Another similarity is that Baudrillard rejects the meta narratives of the past, namely Marx, but for entirely different reasons to those of Lyotard. Lyotard felt that people had lost faith in such meta narratives. For many post-modernists Marx's theories had failed due to the fact that socialism and communism (or at least communism as Marx saw it) had failed to overthrow capitalism. Baudrillard, on the other hand, accuses of Marx of accepting, and reinforcing, the bourgeoisie's own ideology, particularly with regard to the ideal of work as a 'fulfilment of human essence'; . And so we have two major theorists in the field of post-modernism, one claiming that this new diversity is a positive aspect, the other claiming that it leaves society in an inescapable trap. The main themes that they both agree on, even if they are for different reasons, is that the old meta narratives can no longer be used to analyse society, and that there is a great deal of diversity that exists in the post-modern era.
But have things really changed as much as Lyotard and Baudrillard would have us believe? David Harvey (1990) accepts that important changes have occurred but still claims that capitalism is at the heart of contemporary western societies. Despite having entered a 'post-modern' era, there are three main characteristics that remain: 1. Capitalism is based upon economic growth. If there is no growth, capitalism is in crisis. 2. Capitalism is based upon the premise that workers are paid less than the value of the goods they produce thus making a class struggle between owners and workers inevitable.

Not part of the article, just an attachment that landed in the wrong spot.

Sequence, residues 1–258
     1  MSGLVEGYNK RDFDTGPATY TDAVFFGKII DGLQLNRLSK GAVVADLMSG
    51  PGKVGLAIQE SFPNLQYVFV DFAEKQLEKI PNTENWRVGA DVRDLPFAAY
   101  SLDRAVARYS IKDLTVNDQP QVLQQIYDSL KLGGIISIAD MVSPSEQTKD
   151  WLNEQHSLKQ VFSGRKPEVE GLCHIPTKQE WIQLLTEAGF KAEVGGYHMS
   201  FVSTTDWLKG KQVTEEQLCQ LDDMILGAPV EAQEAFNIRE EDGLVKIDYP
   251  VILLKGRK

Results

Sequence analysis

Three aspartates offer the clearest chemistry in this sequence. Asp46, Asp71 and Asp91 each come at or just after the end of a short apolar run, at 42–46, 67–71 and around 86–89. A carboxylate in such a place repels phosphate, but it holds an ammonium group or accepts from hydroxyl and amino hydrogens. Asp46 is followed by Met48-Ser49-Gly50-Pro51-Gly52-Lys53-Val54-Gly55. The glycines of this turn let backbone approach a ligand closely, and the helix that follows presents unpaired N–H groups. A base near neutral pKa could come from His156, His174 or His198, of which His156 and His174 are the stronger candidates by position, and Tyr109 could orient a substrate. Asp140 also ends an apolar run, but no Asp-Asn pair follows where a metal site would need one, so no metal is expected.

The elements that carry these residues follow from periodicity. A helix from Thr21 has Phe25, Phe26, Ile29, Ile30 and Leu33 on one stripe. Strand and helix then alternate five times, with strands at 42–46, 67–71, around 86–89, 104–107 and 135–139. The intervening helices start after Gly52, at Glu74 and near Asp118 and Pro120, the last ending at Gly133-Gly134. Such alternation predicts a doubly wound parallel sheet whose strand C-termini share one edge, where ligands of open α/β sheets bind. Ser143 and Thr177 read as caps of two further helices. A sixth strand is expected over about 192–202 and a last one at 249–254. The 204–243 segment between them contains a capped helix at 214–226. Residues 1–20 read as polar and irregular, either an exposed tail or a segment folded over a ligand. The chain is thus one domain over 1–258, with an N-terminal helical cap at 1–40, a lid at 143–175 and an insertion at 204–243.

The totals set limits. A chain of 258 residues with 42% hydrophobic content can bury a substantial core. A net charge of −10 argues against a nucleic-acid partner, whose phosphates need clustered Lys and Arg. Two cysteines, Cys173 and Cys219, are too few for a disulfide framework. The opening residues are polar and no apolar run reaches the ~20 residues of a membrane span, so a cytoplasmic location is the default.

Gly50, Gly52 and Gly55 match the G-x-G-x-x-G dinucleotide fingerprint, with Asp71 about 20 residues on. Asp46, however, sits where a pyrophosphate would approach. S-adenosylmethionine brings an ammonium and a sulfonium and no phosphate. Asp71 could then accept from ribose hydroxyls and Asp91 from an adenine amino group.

3. Capitalism is constantly changing in order for manufacturers or producers of goods to stay ahead of their competition. As capitalism is constantly changing there will be periods of crisis leading to economic changes, which will have not only economic consequences, but also to important effects on society and culture. Harvey sees post-modernism therefore merely as a response to such a crisis.
As economic crisis hit capitalism in the seventies, with the rise in the price of oil and increased unemployment, capitalism entered a period of adaptation. As a result many cultural changes which were referred to as 'post-modern'. So, underlying the cultural, political, and social changes that were the focus for writers like Lyotard and Baudrillard, are economic changes. Capitalism, Harvey argues, still exists; it is merely adapting in order to survive. It has had to move into new areas, for example leisure pursuits, encouraging consumption of a new group of goods. In other words Harvey sees post-modernism as a new phase of capitalism, and this phase will give way to another form.